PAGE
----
Moving forward, speed is going to come from machine learning and artificial intelligence solutions. Whether data augmentation or full-on automation, these will require larger investments, longer time horizons, and deeper expertise. Those who are not currently at least monitoring and building an understanding of the space may be months to years behind as these tools become the norm.

When building AI or data-centric systems, those with the data accrue the benefits. As early adopters to data-based automation implement and get more data, they will be able to service faster and more accurately. This in turn will allow them to get more customers and thus more data. Competitive advantages and eventually market share will accrue to the early adopters, making it much more difficult for laggards to catch up.

Many companies will find themselves underinvested and too far back on the learning curve to catch up. Small companies need to see the growing size of the hurdle for the next phase of the speed revolution and start considering how to cross it now.

All else being equal, the fastest company in any market will win - Dave Girouard

The future of the supply chain and the integration of intercompany data will change the landscape. Customers will demand inventory analysis within minutes, same hour demand plan shifts, daily scenario running, and other data-intensive activities. Building expertise and a strategy of "speed" should be part of all companies’ long-term strategic planning.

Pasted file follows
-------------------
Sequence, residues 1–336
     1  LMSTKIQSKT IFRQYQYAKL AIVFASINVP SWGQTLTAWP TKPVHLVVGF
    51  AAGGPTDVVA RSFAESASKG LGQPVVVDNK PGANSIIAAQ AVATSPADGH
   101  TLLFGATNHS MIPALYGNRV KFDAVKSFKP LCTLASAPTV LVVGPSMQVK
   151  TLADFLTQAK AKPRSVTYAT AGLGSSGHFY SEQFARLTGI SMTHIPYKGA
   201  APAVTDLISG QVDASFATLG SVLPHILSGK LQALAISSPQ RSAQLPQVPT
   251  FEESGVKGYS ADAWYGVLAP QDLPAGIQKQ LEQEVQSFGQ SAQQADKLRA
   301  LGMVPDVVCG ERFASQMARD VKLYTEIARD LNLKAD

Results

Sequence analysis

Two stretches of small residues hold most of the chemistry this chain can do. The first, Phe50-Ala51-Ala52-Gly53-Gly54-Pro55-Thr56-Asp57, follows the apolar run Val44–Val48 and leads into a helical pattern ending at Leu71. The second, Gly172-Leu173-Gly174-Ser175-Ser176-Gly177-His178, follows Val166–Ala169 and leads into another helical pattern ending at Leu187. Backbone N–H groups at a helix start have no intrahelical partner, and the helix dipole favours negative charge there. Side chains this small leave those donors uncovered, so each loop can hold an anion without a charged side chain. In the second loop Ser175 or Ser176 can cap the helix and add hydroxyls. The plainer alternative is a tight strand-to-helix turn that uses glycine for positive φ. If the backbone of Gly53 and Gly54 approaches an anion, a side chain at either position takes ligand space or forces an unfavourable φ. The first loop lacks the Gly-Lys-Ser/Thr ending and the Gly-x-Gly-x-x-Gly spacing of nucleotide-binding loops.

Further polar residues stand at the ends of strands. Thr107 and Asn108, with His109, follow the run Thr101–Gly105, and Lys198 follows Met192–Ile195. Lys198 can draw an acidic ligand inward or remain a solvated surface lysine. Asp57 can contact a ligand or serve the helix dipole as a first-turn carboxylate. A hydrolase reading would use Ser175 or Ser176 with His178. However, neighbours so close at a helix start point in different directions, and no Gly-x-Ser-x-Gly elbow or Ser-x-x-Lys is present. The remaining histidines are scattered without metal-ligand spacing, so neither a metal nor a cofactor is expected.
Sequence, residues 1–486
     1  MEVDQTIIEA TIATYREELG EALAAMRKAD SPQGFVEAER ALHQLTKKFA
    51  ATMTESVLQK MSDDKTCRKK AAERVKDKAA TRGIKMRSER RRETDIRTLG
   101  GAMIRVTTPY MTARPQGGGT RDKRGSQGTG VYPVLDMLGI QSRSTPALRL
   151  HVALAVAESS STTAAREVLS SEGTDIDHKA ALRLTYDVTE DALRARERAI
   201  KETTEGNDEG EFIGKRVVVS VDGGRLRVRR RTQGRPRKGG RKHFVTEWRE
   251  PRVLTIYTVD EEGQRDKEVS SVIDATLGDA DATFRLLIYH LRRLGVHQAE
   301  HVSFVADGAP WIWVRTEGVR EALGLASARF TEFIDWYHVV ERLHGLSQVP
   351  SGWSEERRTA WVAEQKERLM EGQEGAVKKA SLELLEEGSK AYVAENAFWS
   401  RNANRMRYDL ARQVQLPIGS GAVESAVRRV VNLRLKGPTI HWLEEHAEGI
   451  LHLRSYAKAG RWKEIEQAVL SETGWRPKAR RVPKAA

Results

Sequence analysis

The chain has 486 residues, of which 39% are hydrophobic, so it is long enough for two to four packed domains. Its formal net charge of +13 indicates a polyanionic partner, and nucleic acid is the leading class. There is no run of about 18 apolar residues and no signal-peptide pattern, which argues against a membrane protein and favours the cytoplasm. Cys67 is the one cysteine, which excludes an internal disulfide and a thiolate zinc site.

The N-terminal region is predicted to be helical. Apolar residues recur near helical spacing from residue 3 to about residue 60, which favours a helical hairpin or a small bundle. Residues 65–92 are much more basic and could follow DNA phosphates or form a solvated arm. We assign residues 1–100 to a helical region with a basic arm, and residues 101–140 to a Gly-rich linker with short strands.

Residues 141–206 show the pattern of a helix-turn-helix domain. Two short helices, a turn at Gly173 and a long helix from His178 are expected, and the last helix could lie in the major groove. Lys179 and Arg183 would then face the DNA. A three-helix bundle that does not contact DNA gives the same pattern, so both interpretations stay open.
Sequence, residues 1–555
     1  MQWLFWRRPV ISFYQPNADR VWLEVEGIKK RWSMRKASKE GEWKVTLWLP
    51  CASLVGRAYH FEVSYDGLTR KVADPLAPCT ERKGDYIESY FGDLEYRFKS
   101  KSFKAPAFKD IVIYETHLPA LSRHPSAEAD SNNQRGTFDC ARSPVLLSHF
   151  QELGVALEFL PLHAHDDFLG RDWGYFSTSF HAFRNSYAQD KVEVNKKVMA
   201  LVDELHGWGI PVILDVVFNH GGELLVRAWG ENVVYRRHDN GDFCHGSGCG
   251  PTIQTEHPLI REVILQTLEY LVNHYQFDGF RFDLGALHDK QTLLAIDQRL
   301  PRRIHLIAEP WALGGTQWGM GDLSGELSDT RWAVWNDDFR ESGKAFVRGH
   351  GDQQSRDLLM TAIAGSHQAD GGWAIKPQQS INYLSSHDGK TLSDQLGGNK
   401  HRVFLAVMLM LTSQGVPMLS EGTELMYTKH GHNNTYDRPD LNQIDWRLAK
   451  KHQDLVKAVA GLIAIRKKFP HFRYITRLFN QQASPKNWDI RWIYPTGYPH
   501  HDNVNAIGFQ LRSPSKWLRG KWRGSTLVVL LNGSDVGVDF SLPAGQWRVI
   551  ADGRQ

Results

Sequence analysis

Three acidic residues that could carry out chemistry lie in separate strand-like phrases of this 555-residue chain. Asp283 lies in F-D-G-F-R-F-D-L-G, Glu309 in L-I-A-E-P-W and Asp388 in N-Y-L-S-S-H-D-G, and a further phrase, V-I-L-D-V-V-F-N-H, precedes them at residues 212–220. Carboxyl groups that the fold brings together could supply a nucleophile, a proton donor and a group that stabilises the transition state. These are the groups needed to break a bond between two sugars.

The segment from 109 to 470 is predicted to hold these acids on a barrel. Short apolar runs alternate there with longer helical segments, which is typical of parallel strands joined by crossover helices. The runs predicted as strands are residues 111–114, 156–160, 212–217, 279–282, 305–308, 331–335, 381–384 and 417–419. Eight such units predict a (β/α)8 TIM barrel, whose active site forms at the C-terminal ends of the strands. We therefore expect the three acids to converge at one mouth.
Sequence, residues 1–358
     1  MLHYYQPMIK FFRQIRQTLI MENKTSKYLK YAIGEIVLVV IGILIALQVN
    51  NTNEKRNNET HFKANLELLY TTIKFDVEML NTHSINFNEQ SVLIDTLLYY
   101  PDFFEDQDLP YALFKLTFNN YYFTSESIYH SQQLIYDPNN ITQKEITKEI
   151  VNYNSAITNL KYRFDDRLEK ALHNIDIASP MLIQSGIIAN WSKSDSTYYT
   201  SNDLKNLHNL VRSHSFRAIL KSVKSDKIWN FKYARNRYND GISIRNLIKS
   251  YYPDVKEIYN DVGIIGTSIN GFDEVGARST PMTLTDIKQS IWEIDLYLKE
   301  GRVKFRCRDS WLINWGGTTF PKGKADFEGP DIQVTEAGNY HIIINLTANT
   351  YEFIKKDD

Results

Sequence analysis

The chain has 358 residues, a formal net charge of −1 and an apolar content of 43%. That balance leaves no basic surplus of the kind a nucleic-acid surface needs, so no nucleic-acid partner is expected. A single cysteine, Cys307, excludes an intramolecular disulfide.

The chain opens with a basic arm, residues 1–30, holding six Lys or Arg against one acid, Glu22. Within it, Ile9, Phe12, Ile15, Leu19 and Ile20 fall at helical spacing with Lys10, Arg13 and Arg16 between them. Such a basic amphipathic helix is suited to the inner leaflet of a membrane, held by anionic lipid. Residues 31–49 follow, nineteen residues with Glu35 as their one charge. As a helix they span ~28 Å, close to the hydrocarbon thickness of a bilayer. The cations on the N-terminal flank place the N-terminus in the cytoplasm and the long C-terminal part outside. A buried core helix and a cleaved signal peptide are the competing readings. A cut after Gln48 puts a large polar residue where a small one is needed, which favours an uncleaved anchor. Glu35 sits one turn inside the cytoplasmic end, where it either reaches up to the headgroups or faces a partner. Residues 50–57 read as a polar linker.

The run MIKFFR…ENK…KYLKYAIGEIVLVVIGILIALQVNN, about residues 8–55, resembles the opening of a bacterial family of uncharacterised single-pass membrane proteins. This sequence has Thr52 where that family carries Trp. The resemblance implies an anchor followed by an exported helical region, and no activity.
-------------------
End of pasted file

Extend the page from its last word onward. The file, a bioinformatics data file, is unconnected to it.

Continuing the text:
📖 Must Reads

🔎 Interesting Finds

Hash - An intelligent agent simulator for testing artificial intelligence in various environments. There are some neat order picking simulations, and other warehouse agents already built.

Saltbox - Warehousing meets WeWork. Saltbox is helping smaller companies be agile and access warehousing space before they are ready to commit to large leases and floor spaces. Saltbox allows quickly expandable and retractable warehousing and office space, available on a need basis

Hackaday - A new school for hardware hackers. Interested in building your own piece of hardware? Want to prototype an order picking robot? What about creating a drone to count inventory? Hardware skills are becoming more necessary in supply chain and manufacturing. Hackaday has created a great school for hardware hackers to upskill in the space.


Build A Four-Legged Robot - We have all seen the four-legged rover with uncanny agility from Boston Dynamics. There is now an open-source version made with mostly 3D printed parts.

Thank you for reading!

If you have thoughts or feedback, I would love to hear from you! I am always looking to meet new people in the space.

Reach out to me on Twitter.

I think-up, write, and build systems and technologies that help B2B businesses augment and automate their decisions (with a special bent toward supply chain and manufacturing 😉)